Turned out, it was a half-way house for ex-cons, and when the owner passed away, as many as fifty men were bunking down on the linoleum floors of this house. The gory stories that neighbours and shopkeepers approached me with were enough to fill a volume of novels alone.
For nine months builders removed needles and white-powder filled bags. They put the stuffing back in the mattresses that had otherwise been used to soak up the pools of water that came in from where the lead flashing had been stolen from the roof. They drylined craters in the walls where the tenants had mislaid their room keys and punched holes through to the back of doors.
Lethargic and skint, we gave this property our all, and came out with a home on the other side. Now seventeen lovely tenants reside there, and I spend my time ensuring that they are comfortable in their home. So, in between book drafts on Scrivener, I change lightbulbs, clean ovens and replace damaged furniture. It's not where I thought my chartered surveying qualification would take me, but I wouldn't have it any other way.
How do you discover the ebooks you read?
Mostly through BookBub and The Book Club on Facebook. I didn't fully understand the importance of social media for authors until I came across the latter page. With over four thousand members, the admin (namely Tracy Fenton) manages to make it a personable experience for everyone.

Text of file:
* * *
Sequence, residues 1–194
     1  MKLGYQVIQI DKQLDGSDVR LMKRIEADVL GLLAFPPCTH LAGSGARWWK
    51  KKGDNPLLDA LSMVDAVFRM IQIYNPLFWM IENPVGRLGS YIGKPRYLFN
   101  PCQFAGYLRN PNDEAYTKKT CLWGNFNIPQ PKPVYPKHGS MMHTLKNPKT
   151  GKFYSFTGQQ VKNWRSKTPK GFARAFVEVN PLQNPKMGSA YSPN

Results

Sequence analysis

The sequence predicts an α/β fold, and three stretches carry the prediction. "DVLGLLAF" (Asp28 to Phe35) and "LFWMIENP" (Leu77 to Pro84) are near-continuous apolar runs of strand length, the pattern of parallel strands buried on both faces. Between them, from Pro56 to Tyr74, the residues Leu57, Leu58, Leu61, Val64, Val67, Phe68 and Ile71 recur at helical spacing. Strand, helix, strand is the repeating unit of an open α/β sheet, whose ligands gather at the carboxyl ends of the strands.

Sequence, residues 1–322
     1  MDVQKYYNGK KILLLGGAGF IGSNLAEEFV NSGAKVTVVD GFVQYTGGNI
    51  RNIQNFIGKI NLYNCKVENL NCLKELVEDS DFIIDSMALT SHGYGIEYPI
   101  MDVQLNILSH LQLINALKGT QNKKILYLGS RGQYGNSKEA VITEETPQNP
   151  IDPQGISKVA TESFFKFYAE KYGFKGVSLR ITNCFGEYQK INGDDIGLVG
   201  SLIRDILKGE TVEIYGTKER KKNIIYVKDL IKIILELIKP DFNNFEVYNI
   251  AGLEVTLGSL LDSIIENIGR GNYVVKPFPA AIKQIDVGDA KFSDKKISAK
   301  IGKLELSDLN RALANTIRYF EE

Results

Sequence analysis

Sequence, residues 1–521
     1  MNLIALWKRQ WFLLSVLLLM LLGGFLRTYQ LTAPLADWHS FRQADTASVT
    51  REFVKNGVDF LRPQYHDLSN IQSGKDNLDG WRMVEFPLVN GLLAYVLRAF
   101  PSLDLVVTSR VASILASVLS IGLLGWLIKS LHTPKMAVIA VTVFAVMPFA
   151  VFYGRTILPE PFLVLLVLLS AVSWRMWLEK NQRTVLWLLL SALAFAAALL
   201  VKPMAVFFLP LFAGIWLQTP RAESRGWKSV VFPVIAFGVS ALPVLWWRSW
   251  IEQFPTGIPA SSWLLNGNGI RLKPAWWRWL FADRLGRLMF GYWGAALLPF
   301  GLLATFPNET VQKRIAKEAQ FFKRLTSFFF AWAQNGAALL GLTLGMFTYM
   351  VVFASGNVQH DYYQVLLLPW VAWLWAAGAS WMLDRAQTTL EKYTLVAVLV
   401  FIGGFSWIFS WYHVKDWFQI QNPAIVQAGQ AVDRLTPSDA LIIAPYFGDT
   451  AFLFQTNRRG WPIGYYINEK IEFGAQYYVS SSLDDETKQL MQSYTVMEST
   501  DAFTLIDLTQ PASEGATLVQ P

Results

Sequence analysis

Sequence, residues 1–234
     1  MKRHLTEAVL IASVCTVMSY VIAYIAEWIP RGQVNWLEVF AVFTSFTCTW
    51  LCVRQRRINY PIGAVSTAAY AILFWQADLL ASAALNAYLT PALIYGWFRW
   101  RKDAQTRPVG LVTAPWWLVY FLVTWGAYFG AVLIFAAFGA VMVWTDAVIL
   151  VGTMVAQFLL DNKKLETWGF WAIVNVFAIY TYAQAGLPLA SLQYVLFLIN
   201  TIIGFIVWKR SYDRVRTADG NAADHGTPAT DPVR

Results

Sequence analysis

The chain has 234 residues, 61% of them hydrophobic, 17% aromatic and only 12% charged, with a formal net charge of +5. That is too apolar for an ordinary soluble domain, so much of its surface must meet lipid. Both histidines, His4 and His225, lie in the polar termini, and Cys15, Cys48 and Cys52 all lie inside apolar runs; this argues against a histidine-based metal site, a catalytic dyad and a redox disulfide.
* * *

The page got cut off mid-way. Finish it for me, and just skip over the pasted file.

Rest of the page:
Time is too limited these days to waste on a bad book. So I take heed of reviews and try as many books as possible, downloading the sample first or free books on BookBub which is typically the prelude to a series. Always download the sample and search out deals, often the best books are discounted. I'm not the patron saint of loving all books. Far from it. Writing turns you into the greatest critic, and I abandon a lot of books. But when I find a good one, it resonates with me for a long time.
Do you remember the first story you ever wrote?
The first story I remember writing was at school - an A-level English piece I think. A girl called Sara Picken made me read it out to our entire art textiles class. No idea what it was about.
What is your writing process?
Storylines always come to me when I'm going to sleep. Having a five year old who wants me to take him to the toilet five times a night means I have many more opportunities to work through my storylines. Lucky me! I even write notes at silly hours if the inspiration is there. The nighttime is definitely when I'm most creative.